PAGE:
SAN JOSE -- Every day, Jürgen Hooper, brings the character of Zazu to life in the North American touring stage production of Disney's The Lion King.
It is a show that has been mesmerizing audiences all over the world for over 20 years.
Zazu is just one of 200 puppets used in the show which also features a puppet giraffe that stands 18-feet-tall to a 13-foot-long elephant that takes four actors to carefully walk it down the orchestra aisle.
For Hooper, playing a role like this was an exciting challenge, not only does he have to sing, act and dance but he also is tasked with maneuvering his puppet.
"I had a kind of intensive rehearsal process for about two weeks before coming out to join the show, where I had to do a three-step process, first figuring out where Zazu lived in my body and then figuring out the mechanics of how this worked and thinking about the acting and blending the two together." Hooper said.
It is a unique role that brings humans and puppets together as one on stage. Michael Reilly, who is the puppet supervisor for the Lion King, says the mixture of actor and puppet throughout the show is intentional.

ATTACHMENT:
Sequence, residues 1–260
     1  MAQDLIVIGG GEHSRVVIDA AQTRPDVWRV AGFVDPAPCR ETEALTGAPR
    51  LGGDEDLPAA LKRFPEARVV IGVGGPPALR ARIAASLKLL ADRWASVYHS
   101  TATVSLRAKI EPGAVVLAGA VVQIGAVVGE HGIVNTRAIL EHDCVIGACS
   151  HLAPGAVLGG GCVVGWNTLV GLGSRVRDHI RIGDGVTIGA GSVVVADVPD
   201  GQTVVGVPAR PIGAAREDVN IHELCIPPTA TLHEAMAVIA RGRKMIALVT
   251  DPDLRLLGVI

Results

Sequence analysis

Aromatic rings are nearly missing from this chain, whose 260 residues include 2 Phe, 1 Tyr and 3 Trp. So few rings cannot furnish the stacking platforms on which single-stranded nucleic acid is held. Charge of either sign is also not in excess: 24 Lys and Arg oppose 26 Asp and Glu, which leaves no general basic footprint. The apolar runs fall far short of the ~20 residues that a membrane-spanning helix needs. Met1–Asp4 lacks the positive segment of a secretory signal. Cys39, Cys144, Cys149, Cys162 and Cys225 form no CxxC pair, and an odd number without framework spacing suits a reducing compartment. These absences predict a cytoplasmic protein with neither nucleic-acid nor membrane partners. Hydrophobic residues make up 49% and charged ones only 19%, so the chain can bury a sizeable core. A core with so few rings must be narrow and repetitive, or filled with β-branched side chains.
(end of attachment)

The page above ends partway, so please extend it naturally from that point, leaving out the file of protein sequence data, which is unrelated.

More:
"So one of the main tenants of the show is not to hide the puppeteer, so a lot of puppet shows would have the actors dressed in black so just the puppet would be seen, this is the absolute opposite of that. We make the actor and the puppet the focuses of the show and both of them are working in tandem," Reilly said.
Reilly spends most of his workday overseeing and maintaining each of these beloved characters.
"Every principal puppet gets a full workup, so any damage that they have, paint, and then they get cleaned, and then we move on the ensemble puppets and we do the same thing for them and then putting out the puppets for the show." Reilly said.
The show features so much more than the familiar songs and puppets on stage, the actors also play a big part in bringing the landscape and the beauty of the environment to life.
Just the yearly upkeep and maintenance of the 20 grasslands headdresses requires over 3,000 stalks of grass.
The story of The Lion King focuses on family, love, and community, and for Hooper he is grateful to be part of a show that brings us all together,
"Being called together in this space, to hear the story that is about family, responsibility and about duty, I think it's perfect for the moment," he said.
The Stage Production of The Lion King is playing at San Jose's Preforming arts center until August, 21st.
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